After the Susan Everard murder and subsequent vigil on Clapham Common, I realised I had never really given that much thought to women’s experience both of sexism, but in particular, their vulnerability to men’s violence.
I was brought up in the 50s/60s and fortunately had little experience of outright misogyny. I do remember the teenage banter at school, sneak peeks of well-thumbed top-shelf magazines, rugby songs on the bus back from matches, and my peers’ stories of their sexual conquests always so avidly recounted. Looking back now, this was my first insights into a culture that was absolutely awash in the sexual objectification of women.
At work in those last decades of the century in a predominately male environment, sexism was rife. It does shame me now that it didn’t make me feel uncomfortable, I just accepted it as the norm. In reality, it would have been so hard to call out my colleagues. The fear that I might have opened myself up to being ridiculed, or of becoming a pariah in the office, would have been too much. If the boss or client makes a crack about a woman, you laugh along with him. Openly challenging someone has never been within my comfort zone. I rather be part of the crowd.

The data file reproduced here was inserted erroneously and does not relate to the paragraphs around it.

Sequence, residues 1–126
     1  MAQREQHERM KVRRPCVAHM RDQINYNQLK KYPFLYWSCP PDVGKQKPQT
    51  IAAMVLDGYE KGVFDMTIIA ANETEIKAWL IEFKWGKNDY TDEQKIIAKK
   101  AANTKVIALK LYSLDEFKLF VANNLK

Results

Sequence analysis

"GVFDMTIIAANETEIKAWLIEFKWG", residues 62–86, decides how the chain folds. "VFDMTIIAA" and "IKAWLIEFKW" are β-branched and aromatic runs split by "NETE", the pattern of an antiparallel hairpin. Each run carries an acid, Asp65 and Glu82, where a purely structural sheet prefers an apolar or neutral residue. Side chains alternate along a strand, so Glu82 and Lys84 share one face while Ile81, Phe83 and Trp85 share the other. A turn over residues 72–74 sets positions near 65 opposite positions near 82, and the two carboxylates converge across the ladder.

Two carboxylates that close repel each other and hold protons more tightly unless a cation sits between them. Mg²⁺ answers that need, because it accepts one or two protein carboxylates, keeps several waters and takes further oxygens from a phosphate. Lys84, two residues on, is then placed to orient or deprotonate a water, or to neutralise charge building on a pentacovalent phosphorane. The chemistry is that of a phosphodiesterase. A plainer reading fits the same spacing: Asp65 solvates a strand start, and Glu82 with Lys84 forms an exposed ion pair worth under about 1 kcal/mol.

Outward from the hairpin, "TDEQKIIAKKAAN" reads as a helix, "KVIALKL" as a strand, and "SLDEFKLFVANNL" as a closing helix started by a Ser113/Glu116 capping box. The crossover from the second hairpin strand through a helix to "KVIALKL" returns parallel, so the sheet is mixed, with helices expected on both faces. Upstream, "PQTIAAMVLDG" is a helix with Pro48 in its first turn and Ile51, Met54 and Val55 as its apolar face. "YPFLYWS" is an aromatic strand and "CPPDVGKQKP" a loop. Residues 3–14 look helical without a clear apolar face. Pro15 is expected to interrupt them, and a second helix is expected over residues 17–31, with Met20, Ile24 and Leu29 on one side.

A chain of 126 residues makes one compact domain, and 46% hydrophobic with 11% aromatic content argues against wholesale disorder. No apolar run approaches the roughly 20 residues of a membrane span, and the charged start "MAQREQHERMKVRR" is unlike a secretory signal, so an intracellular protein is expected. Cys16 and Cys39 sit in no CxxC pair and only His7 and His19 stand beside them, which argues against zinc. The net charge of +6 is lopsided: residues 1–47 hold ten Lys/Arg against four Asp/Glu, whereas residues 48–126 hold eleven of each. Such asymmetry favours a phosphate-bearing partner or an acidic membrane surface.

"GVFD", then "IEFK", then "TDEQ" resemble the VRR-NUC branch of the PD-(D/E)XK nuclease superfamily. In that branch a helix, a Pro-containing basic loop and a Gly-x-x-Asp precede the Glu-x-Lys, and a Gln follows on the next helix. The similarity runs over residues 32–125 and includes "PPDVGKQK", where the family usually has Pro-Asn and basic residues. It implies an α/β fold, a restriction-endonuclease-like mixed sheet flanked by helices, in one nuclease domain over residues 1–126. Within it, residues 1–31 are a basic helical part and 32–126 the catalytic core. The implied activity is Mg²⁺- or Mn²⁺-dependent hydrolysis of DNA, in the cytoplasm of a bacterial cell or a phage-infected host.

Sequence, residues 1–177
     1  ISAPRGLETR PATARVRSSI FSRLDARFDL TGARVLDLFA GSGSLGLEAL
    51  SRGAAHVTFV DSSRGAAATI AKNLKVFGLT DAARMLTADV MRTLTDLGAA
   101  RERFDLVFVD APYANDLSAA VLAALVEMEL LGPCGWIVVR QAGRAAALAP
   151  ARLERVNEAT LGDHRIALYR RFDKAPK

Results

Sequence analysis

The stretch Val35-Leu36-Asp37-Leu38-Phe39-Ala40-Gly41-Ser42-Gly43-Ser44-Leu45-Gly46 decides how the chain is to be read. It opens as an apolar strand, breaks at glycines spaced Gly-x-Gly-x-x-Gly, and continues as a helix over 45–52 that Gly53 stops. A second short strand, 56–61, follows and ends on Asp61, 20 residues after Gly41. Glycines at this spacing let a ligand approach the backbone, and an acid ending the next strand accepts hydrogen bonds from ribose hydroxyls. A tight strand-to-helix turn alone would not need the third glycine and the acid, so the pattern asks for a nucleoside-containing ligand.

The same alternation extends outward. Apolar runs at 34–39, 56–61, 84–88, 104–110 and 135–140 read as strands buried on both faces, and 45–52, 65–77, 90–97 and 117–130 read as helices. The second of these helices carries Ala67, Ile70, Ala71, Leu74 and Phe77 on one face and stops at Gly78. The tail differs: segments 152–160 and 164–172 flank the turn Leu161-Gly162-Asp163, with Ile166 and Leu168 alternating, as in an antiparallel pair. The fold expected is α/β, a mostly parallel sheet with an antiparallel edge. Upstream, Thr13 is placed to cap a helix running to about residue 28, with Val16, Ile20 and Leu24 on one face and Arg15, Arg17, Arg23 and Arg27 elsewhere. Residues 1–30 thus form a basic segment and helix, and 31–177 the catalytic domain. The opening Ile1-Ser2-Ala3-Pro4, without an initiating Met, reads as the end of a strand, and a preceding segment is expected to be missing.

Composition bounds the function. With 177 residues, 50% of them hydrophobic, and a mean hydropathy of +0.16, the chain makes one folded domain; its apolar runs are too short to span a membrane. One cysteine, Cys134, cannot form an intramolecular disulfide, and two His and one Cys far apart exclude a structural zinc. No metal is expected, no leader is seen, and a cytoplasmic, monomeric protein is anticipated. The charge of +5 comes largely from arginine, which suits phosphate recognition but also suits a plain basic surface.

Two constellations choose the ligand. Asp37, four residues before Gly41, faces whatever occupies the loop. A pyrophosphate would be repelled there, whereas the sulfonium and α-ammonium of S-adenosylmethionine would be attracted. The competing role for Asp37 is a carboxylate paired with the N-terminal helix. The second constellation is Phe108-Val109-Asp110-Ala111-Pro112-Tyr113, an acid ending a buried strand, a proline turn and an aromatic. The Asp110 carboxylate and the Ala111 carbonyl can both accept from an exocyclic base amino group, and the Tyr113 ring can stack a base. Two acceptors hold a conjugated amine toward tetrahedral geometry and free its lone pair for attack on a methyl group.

I appreciate now that it is not good enough just not to be abusive towards women and girls. That bar is too low. In the 21st century, men must aim higher and I’d like to think that if I now see or hear a friend or colleague acting in a way that I know is problematic, making sexist degrading comments about women, I would say something. And if I don’t then my silence is a form of consent and complicity in their sexism or misogyny.
Sexism and misogyny are systemic, social problems with deep roots in our culture and beliefs. Ideologies about gender entitlement and power, and male dominance all play a role in perpetuating these cultures and beliefs.
This introspection has been challenging. Culture takes generations to change. And it is changing, but perhaps not fast enough. When I first started work back in the late 70s, I remember having to share a lift to site with a speedaholic who drove with a fag constantly in his mouth. It terrified me and would be completely unacceptable now.
Today’s photo is Whorl Hill standing high behind Faceby. When the foresters were planting the hill with larch in 1952, they planted spruce in the letters ‘E II R’ on the side to celebrate the Queen’s coronation. This morning, before the larch trees acquire their new growth of needles. the letters are just discernible.
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